Multiple devices at a time was just a random idea I had while working on it and I was initially not going to do it but I realized it would be make the program potentially much better as an accessibility tool, although I'm sure the overlap between "benefits from additional accessibility tools for games and such" and "wants to program their input device behavior with lua scripts" is probably pretty small, but I still hope it can be useful for people in that regard.

    1 vote
  9. tomf
    (edited )
    Link
    I was thinking that I need a way to quickly build spotify playlists. I asked chatGPT 4.x for some help. I provide tracks.txt -- the first line is the name of the playlist and the rest is artist -...

    I was thinking that I need a way to quickly build spotify playlists. I asked chatGPT 4.x for some help.

    • I provide tracks.txt -- the first line is the name of the playlist and the rest is artist - title
    • based on the playlist name, it'll either create a playlist or update an existing one
    • Its using the API with spotipy which has oAuth.
    • it doesn't add duplicates
    • It shows the progress. Not the prettiest thing, but it serves its purpose.
    Summary Report:
    Total tracks processed: 61
    Tracks added: 49
    Tracks skipped (already in playlist): 5
    Tracks not found: 7
    Tracks not found:
      - Les Baxter - Quiet Village Bossa Nova
      - Monster Rally - Coral
      - Lee Fields & The Expressions - Money Is King
    Playlist 'Dinner Jazz by chatGPT' updated with 49 new tracks.
    

    So that all works like a charm. I can do about 75 - 100 tracks without any issue. For the tracks themselves, I'm also asking chatGPT

    Can you do the same for various genres of jazz including lounge, exotica, space-age pop, etc. Include artists like Martin Denny, Les Baxter, but also new bands like Khruangbin and Monster Rally. You can also include soul from Colemine Records like Aaron Frazer, Lee Fields, Durand Jones.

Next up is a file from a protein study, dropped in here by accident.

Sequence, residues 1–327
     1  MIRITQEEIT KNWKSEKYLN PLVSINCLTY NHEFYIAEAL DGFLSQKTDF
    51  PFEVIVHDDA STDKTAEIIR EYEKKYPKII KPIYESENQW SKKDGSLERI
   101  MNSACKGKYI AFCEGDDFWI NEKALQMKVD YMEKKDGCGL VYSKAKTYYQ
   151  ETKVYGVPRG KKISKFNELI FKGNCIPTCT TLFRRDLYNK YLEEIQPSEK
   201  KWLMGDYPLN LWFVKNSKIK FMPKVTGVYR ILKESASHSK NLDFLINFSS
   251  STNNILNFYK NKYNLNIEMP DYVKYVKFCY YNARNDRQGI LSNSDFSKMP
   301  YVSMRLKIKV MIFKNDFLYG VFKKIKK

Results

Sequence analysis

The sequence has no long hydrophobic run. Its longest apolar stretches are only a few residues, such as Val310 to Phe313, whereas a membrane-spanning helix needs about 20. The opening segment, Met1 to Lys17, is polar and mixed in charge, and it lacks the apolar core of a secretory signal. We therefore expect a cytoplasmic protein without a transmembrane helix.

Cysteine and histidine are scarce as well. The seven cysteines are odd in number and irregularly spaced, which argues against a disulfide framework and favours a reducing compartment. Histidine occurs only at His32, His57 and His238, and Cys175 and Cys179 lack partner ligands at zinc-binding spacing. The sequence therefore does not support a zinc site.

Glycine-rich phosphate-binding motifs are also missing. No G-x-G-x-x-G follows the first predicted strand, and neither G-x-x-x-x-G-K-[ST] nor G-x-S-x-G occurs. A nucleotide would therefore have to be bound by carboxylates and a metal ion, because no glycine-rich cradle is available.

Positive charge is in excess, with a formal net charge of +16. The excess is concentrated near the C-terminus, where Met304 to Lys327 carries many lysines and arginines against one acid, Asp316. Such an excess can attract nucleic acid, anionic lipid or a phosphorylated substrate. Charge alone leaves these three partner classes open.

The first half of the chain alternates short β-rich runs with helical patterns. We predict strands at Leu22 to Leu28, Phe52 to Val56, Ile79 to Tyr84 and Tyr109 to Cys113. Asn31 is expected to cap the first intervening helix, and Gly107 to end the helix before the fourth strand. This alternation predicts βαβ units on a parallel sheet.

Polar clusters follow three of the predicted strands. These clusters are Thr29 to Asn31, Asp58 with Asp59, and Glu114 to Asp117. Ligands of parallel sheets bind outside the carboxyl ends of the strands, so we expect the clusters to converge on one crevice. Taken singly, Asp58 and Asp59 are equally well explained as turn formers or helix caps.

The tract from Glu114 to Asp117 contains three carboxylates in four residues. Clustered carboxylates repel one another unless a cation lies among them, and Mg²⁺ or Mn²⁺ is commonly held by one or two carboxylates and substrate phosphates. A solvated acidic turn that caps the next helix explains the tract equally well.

In this case it spits out the bands I referenced, so I ask it to branch out. The selection is pretty great.

    It isn't perfect with apostrophes all the time, but for the most part its great.

    Here's an sample list * Martin Denny - Quiet Village * Les Baxter - Jungle Flower * Khruangbin - Maria También * Monster Rally - Orchids * Aaron Frazer - Bad News * Lee Fields & The Expressions - It Rains Love * Durand Jones & The Indications - Don't You Know * Yma Sumac - Gopher Mambo * Esquivel - Mini Skirt * Les Baxter - The Enchanted Sea * Dorothy Ashby - Soul Vibrations * The Five Corners Quintet - Trading Eights * Les Baxter - Atlantis * Cal Tjader - Soul Sauce * Astrud Gilberto - The Girl from Ipanema * Sergio Mendes & Brasil '66 - Mas Que Nada * Walter Wanderley - Summer Samba (So Nice) * Antonio Carlos Jobim - Wave * Stan Getz & João Gilberto - Corcovado (Quiet Nights of Quiet Stars) * Martin Denny - Aku Aku * Les Baxter - Quiet Village Bossa Nova * Thievery Corporation - Lebanese Blonde * Bebel Gilberto - Aganju * Jazzanova - Bohemian Sunset * Bonobo - Days to Come (feat. Bajka) * Khruangbin - Evan Finds the Third Room * Monster Rally - Pelicans * St. Germain - Rose Rouge * Bonobo - Kiara * Koop - Summer Sun * Aaron Frazer - If I Got It (Your Love Brought It) * Quantic - Cumbia Sobre el Mar * Les Baxter - The Poor People of Paris * Gotan Project - Santa Maria (Del Buen Ayre) * Thievery Corporation - The Richest Man in Babylon * Khruangbin - Two Fish and an Elephant * Caravan Palace - Lone Digger * Parov Stelar - Catgroove * Tape Five - A Cool Cat in Town (feat. Brenda Boykin) * Caro Emerald - Back It Up * Martin Denny - Firecracker * Les Baxter - Rio * Delvon Lamarr Organ Trio - Close But No Cigar * The Haggis Horns - Hot Damn! * The Bamboos - On the Sly * Orgone - I Sold My Heart to the Junkman * The New Mastersounds - Miracles * Durand Jones & The Indications - Long Way Home * Lee Fields & The Expressions - You're What's Needed in My Life * Sharon Jones & The Dap-Kings - 100 Days, 100 Nights